In areas where lack of competition adversely affects those seeking to purchase health insurance, policymakers should consider another, more effective, tool to restore competition that would be superior to reliance on a public plan. For at least two decades, the most important source of competitive pressure in health insurance has been the availability of new entrants, including start-up HMOs and carriers from adjacent geographic regions. But because the McCarran-Ferguson Act delegated authority to regulate insurance to the states more than six decades ago and insisted that such regulation be quite comprehensive to merit preemption of federal oversight, insurance companies wanting to sell products across state lines must comply with a myriad of different state regulations, including mandated benefits, premium taxes, solvency requirements, and licensing rules. Those regulations often help entrench dominant incumbent carriers, discourage new entrants, and prop up an inefficient mix of hidden cross-subsidies. Collectively, such state regulations are estimated to increase premiums by 10 to 96 percent (probably much closer to the former figure than the latter one). Those costs are in addition to the widespread geographic variations in health spending that are related to differences in practice patterns. Together, these result in a nearly five-fold difference in average premiums across states. Removing regulatory barriers to cross-border sales thus offers the prospect of increasing competition and reducing regulatory costs.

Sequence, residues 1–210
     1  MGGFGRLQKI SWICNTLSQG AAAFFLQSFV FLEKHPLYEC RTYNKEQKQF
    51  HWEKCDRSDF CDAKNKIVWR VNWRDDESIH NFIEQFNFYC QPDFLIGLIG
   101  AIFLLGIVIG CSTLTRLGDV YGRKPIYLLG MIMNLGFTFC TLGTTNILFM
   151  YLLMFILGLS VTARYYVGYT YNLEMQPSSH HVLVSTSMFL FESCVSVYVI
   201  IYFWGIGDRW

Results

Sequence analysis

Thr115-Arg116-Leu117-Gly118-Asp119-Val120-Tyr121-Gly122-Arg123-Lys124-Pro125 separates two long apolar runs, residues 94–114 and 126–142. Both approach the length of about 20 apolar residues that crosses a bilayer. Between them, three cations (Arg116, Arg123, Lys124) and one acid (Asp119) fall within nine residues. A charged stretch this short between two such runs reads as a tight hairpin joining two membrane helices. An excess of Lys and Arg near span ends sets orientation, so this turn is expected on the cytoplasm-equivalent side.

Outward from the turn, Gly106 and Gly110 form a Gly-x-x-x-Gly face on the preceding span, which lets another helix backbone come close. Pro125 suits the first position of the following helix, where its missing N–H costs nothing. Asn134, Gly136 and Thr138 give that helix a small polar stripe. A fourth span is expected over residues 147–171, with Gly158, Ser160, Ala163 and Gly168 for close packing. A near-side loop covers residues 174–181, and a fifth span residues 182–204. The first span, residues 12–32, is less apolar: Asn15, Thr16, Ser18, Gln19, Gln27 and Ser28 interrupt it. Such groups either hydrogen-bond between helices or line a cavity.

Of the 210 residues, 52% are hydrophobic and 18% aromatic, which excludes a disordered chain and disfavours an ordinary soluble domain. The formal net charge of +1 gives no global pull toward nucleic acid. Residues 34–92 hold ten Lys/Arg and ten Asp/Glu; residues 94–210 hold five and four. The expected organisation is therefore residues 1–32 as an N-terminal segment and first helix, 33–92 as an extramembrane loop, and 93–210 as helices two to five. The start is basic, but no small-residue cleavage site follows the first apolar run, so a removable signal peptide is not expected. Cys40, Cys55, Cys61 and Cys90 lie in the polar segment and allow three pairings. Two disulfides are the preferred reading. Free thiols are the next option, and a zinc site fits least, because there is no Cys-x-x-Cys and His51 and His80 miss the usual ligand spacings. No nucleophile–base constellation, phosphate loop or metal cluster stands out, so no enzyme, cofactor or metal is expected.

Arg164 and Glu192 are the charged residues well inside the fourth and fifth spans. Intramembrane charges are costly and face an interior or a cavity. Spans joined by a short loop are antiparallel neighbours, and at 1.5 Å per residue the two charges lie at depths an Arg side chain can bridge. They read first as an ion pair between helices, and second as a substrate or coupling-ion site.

There are a variety of approaches to allow cross-border sales while retaining accountable regulatory authority at the state level. The better ones provide suitable safeguards to ensure states handle such regulation even-handedly and responsibly, albeit with a somewhat lower level of net savings on premiums, and do not promise more than interstate competition alone can deliver.

Thomas P. Miller is a resident fellow at AEI.